If a good job being jeopardized was enough to get them to stop, they would have, after losing the first one. Right?  Ditto, losing their drivers’ license. Ditto, spending time in the county lock-up. Seems simple, doesn’t it? “Just quit!” or even, “Learn to drink like a gentleman!

So, addiction has nothing to do with how the addict feels about the world around them, necessarily. Sure, depression and/or countless other mental illnesses may accompany the addiction, or have become more noticeable to you since the person began to increase their consumption. Many drugs (including alcohol) mimic mental illness, eventually, after enough has been consumed. But that’s not the reason why they drink or use drugs…

I’m not going to go into an in-depth dialogue of why some folks get addicted and others don’t, or what causes addiction. Maybe in another post, but not this one.  The insanity of the disease of addiction is apparent in the behavior of not only the alkie/druggie, but also in the behavior of everyone in a relationship with them.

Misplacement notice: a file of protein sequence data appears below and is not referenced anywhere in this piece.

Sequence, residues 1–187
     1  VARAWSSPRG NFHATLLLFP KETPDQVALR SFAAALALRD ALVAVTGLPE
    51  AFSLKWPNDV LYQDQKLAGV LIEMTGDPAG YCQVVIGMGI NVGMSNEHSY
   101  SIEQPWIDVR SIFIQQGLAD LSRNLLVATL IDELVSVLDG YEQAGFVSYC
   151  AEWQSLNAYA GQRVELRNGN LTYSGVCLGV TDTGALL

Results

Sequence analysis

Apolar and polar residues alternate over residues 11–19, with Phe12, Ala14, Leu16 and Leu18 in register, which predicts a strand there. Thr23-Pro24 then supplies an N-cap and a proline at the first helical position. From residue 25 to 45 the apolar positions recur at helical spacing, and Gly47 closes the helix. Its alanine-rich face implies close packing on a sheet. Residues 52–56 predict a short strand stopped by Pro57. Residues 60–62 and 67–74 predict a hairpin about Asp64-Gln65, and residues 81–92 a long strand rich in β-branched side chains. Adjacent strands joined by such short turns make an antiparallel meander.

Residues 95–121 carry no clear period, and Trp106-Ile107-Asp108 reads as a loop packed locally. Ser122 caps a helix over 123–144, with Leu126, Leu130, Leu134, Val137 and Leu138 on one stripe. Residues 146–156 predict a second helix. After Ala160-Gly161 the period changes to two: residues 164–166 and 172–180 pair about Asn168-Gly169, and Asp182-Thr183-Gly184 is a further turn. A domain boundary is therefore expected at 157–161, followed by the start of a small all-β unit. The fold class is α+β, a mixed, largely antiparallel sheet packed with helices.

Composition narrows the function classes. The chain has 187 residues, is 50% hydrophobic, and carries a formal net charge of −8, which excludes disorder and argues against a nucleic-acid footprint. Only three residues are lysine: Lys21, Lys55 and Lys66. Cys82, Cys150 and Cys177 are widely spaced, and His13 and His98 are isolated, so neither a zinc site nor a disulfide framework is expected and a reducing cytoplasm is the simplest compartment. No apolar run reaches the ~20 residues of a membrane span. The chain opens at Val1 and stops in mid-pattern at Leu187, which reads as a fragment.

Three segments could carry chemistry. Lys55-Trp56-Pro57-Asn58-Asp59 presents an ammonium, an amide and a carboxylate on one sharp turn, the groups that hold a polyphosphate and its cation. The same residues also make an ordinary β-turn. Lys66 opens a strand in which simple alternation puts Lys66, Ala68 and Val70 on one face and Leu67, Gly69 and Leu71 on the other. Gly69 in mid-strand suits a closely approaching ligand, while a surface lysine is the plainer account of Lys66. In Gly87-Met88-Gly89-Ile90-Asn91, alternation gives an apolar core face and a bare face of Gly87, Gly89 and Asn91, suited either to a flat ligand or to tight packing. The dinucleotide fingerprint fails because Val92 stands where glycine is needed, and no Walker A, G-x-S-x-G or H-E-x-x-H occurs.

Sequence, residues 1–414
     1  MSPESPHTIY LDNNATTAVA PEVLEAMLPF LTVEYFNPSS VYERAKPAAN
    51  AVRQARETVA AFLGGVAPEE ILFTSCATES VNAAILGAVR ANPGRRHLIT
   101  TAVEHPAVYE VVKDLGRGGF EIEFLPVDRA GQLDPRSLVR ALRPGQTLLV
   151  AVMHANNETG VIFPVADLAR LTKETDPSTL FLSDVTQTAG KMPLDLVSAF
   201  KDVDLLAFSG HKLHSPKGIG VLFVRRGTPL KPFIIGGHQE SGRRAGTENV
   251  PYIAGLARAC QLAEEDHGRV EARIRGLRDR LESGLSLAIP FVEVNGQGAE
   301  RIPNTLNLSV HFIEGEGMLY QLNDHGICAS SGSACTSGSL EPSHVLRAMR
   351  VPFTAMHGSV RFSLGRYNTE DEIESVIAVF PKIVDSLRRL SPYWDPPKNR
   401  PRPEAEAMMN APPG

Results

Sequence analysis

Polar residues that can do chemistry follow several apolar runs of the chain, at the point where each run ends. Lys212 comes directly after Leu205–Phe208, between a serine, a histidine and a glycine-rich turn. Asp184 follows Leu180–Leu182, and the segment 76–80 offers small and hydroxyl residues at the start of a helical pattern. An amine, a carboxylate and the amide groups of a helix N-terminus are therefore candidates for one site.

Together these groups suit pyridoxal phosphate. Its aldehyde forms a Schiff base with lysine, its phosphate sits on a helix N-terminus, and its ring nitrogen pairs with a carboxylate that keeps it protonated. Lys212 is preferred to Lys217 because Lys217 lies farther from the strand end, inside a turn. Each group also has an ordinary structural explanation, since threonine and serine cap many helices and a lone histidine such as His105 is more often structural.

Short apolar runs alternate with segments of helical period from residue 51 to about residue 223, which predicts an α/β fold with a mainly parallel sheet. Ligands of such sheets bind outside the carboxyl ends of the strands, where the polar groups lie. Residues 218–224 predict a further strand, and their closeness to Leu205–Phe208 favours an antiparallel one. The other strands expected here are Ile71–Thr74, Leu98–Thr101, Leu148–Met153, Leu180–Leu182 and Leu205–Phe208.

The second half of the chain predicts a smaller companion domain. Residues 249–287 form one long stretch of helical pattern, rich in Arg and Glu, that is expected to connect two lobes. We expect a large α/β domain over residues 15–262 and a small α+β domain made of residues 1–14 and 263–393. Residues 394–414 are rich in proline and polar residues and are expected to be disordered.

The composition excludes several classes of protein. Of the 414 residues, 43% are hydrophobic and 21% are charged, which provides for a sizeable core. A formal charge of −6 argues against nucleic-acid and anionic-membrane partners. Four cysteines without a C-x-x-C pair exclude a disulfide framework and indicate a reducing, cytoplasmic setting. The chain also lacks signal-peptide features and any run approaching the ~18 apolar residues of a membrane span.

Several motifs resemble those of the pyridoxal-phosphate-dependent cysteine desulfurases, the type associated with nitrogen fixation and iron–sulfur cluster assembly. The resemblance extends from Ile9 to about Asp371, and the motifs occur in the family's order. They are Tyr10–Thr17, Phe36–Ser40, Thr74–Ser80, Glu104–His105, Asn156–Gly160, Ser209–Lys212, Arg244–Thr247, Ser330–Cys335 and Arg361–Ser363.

Today I’m hoping to reach out to the ones caught in the whirlwind of addiction brought on by their loved ones, and offer real, tangible hope.

The point is, the only one who is capable of deciding to stop drinking or using drugs, on a daily basis, is the one doing them in the first place.

What you can do, to HELP this person, will sound crazy, but consider it, please, in contrast to the ways you’ve been trying to “help” them.

*I am fully aware the this is going to sound harsh, and a lot of people involved with (us) will reject this advice across the board.*

Treat them like an adult. Let them take responsibility for their own screw-ups. Give them the dignity of finding their own solutions. You giving them is not likely to work, after all, haven’t you given them your best answers? (They have to find their own. You CAN’T do it for them.)